When Leaders Fall

LEADERS

I’m sitting in my bed, second day in a row, battling the bronchitis beast that seems to have the most tenacious claws into my lungs. I’m tired of coughing. I’m tired of feeling sick. But that same overwhelm hits me square in the chest when it comes to the recent (many) high profile falls in the evangelical community–most of which revolves around sexual sin or sexual crime.

Initially I feel shock when I read about this or  this or this or this or this or this. The sad thing is these are simply the tip of the iceberg in terms of what is out there THIS MONTH. My husband Patrick tells me, “The sad thing is, I’m no longer shocked.” Which is how things are turning out in my mind. It seems the Lord is cleaning house, and we are the spectators of this great outing of secrets.

What are we to do when leaders fall? How are we to respond? Does ranting help? How about determinations toward reformation? New policies? A deconstruction of a church model we deem feeds this narrative from nobody to mega somebody back to disgraced fallen one? Wringing of our hands? Resignation? Rage?

As Ed Stetzer aptly writes, “I just don’t see it as one fix because I’ve seen too many fall in too many ways.” This is a complicated issue, nuanced and thick.

In times like this I fall back to that grandmotherly advice we all know but live as if we don’t believe: you cannot change another person. I can only change me.

And me? I am in constant need of reformation.

The question becomes what can I do?

  • I can confess my sins to people who are in community with me, determining not to keep them hidden.
  • I can get on my knees, asking God to search my heart according to Psalm 139: 23-24. “Search me, God, and know my heart;
        test me and know my anxious thoughts. See if there is any offensive way in me, and lead me in the way everlasting.”
  • I can dissect my life, particularly my most vulnerable times when I failed to have good boundaries or wise practices.
  • I can openly admit my frailty to my accountability friends Leslie and D’Ann, and be honest with them.
  • I can engage with my prayer team, giving them permission to sift me, try me, and speak truth to me.
  • I can grieve my own encounters with predatory people in positions of power. (How’s that for alliteration?)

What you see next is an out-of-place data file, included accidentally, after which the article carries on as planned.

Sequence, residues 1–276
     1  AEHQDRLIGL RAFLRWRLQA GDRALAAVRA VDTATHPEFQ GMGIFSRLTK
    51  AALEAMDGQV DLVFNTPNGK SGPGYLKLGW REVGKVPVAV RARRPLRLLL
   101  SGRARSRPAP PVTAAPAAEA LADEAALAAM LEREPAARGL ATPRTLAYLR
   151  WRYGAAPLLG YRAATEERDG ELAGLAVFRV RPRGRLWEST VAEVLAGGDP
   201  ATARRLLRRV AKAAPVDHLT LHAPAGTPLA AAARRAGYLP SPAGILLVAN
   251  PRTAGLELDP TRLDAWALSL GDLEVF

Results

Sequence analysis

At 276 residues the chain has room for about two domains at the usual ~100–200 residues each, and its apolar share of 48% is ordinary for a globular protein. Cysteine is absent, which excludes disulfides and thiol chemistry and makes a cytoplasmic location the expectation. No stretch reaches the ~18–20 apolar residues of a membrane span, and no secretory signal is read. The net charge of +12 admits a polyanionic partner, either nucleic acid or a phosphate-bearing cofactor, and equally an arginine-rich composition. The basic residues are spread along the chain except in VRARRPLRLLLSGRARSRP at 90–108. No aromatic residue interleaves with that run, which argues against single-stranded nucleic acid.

• I can pray for the victims of the offender–that they would find caring, open community, counsel, and healing.
  • I can pray for those who have fallen–that God would grant them the gift of repentance and restoration.
  • I can pray for the families of the fallen–that God would wrap His loving arms around them in their grief.
  • I can run back to the Word of God, reminding myself that Jesus warned of wolves masquerading as sheep. And that we shouldn’t be surprised because Satan himself disguises as an angel of light.
  • I can investigate my own local congregation to see what kinds of safeguards there are in place for victims of unwanted sexual advances and find out what kinds of policies my pastors personally have in terms of sexual integrity.
  • I can write about the problem with thinking that power is what Christians need in order to bring this world back into order. Jesus made himself nothing, taking on the very nature of a servant. The way up is down. The safest place is the lowest place, and the most dangerous place for the human soul to be is in power on top of a leadership structure that reveres that position. (And I am not talking numbers here. One could be a leader in a mega church or mega ministry or one could be a leader of a small congregation. Power differentials exist in both structures. The only difference is how many people you need around you to cover up your mess.)
  • I can serve in my local context, face to face, with real folks facing real problems, instead of building some sort of “empire” around my words.
  • I can keep my heart tender.
  • I can forgive.
  • I can process my grief privately with people who know me well.
  • I can let outrage fuel my prayers instead of my platform.
  • I can embrace small.
  • I can be silent before the Almighty God, waiting for Him, listening to His perfectly beautiful voice.
  • I can worship God with fervor, knowing that He ultimately will not disappoint me. He will not fall. He will always be faithful.
  • I can read the whole counsel of Scripture to remind myself that God sees this messy world. He uses broken folks. And He’s way bigger than one person’s fall. His plan will continue on. He didn’t look down from heaven after David’s predatory sin and say, “Oh no! Now what will I do?” His multidimensional plan stayed resolute. The Messiah still came (through sinful lines). And we still have the opportunity to have relationship with Him. One man’s sin could not negate the plans of God.
  • I can go back to all those narrow way, narrow road scriptures. Or the ones about folks saying LORD LORD yet not really knowing Him. There are wolves, yes, but there are also folks who are deceived into thinking they follow Christ, but have never really surrendered. It’s sometimes hard to tell the difference between a genuine follower and a faker because the words coming out of their mouths sound the same. Remember, you will know people’s hearts by their fruit, not their words.
  • I can rest. God is on the throne. I am not. He is supremely intelligent. I am not. He knows all people’s hearts. I do not.

Getting this post out on a Sunday means probably few will read it, but that’s okay. I felt compelled to write it as a way for me to process what’s gone on as God continues his cleaning spree in the church. In light of that, I once again ask Him to please begin with me.

Oh how much the Lord loves His church. How He loves its shepherds. But He is zealous for His Bride, and He will protect her. So perhaps we should be less fearful of what He is doing and more grateful. He cleans so we can be safe.